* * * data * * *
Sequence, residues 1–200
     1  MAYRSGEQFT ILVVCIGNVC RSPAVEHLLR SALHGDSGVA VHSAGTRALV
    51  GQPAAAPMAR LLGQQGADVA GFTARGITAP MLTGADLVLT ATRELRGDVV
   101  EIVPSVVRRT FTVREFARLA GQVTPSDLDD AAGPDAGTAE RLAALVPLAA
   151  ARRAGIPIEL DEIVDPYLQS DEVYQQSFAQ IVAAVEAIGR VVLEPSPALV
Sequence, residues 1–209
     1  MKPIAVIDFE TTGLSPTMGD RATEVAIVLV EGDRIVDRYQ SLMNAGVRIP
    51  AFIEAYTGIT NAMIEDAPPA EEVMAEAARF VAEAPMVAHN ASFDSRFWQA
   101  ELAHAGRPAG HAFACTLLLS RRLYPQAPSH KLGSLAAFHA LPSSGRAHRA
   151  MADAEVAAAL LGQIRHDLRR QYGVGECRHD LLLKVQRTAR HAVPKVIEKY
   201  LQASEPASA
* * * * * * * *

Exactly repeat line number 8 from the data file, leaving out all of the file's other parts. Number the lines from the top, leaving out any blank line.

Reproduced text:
    51  AFIEAYTGIT NAMIEDAPPA EEVMAEAARF VAEAPMVAHN ASFDSRFWQA